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Sabbatical Homeschool Planning: The British Year (with Book Lists)

This entry is part 5 of 10 in the series

"Sabbatical and Scholé"

Read more posts by using the Table of Contents in the right sidebar.

We’re getting ready to leave tomorrow! We’re zipping up suitcases, cleaning house, and finalizing transportation and accommodations. And to add to the mix, I’m planning how we’ll homeschool in another country.

About a year ago I started asking for advice from other homeschoolers who’d lived abroad short term. There were a surprising number who had, and the overwhelming advice I received was to make experiencing the country, its history and culture, our primary homeschooling. Do some math and Latin in the morning, and then read, sightsee, journal, and live among the people. I took this to heart. Education is, after all, a science of relations. I want us to build relationships with people and places.

To accommodate this plan (and not knowing, at the time, exactly when we’d be leaving), I scheduled 17 weeks of “regular” school centered on the British Isles. (We were able to extend that a little bit to get in more reading, and I’ve loaded up our Kindles with even more book on Britain.) We’ve been reading books on the history of England and Scotland, the folklore and legends of the British Isles, British literature, and biographies of British leaders and British authors. We’ve been listening to a playlist of classical and folk music of the British Isles, drawing maps of various places in Britain, and reading a book of a family’s adventures traveling around Britain. And we’ve been reading about styles of architecture that we will likely encounter in Britain and studying pictures that we’ll encounter in the National Gallery in London and those by famous British artists like John Constable, who painted landscapes of places we’ll visit.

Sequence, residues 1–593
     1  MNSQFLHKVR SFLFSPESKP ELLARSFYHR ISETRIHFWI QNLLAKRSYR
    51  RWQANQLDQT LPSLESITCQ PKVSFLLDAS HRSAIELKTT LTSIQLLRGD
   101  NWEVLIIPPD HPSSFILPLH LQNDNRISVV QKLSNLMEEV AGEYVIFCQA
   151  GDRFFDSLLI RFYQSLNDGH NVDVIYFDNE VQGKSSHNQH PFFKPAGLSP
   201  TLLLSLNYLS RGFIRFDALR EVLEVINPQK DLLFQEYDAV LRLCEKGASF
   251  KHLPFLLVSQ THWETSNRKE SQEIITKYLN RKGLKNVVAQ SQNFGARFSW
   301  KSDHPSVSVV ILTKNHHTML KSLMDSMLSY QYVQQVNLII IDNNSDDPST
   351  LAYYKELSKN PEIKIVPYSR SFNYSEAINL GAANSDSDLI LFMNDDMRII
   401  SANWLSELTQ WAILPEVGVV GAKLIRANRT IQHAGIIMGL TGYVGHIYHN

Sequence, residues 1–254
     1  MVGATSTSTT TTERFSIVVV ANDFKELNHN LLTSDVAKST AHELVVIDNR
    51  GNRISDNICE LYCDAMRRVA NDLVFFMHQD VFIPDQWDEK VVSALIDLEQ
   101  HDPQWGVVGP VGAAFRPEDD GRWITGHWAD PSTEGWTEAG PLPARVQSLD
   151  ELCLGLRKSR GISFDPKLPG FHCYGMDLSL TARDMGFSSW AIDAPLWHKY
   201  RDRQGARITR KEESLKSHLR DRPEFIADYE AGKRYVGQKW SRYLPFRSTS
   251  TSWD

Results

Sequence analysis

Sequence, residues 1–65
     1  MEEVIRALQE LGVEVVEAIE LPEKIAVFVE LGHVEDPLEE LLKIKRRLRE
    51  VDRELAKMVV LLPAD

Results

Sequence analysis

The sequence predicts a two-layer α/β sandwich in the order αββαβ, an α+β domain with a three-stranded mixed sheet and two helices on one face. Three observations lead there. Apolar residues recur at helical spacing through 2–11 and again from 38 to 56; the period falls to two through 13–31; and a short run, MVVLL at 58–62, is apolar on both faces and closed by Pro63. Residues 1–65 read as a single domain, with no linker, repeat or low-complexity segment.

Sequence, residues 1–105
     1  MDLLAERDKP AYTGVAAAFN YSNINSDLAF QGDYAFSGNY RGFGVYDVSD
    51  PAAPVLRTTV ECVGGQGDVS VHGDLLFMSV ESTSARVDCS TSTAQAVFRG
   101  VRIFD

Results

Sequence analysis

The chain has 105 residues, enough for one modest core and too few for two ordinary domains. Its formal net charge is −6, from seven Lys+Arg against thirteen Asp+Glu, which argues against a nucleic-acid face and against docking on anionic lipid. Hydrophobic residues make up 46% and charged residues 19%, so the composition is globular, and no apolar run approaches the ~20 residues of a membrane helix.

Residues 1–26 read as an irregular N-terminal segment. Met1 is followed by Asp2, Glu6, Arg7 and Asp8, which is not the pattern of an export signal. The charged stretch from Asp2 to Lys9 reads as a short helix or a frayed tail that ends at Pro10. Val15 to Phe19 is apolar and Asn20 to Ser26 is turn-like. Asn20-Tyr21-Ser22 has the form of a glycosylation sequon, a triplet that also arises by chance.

Then, when we get there, I hope everything we see will mean more to us and we’ll better be able to appreciate the history and beauty of the country.

Here’s what we’ve been using as our resources for British studies this year. In each case, I’ve tried to link to my favorite edition of the book (with my favorite illustrations), if possible.

Historical Overview of England and Scotland

Fables and Folklore

Chapter Biographies and History

Picture Book Biographies and Non-Fiction

Historical Fiction

British Literature

Audio Books

Geography Books

Architecture

  • The Young People’s Story of Architecture (2 volumes) by Hillyer and Huey
  • Castle by David Macaulay
  • Cathedral by David Macaulay

You can read more here about how we incorporated these books into our school year, as well as additional resources that we used this year. I’ll also be sharing more books and resources over the next few months as we visit different places in the UK and the Netherlands.

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Becky Aniol

About Becky Aniol

Becky holds a bachelor's degree in English literature and music, a master's degree in Christian education, and is currently pursuing a PhD in Christian education. She taught classical upper school grammar, literature, and history and lower school composition and grammar for two years, elementary school music for one year, and Kindermusik classes for four years before the birth of her children. She now loves staying home with her four children, Caleb, Kate, Christopher, and Caroline and homeschooling them classically.

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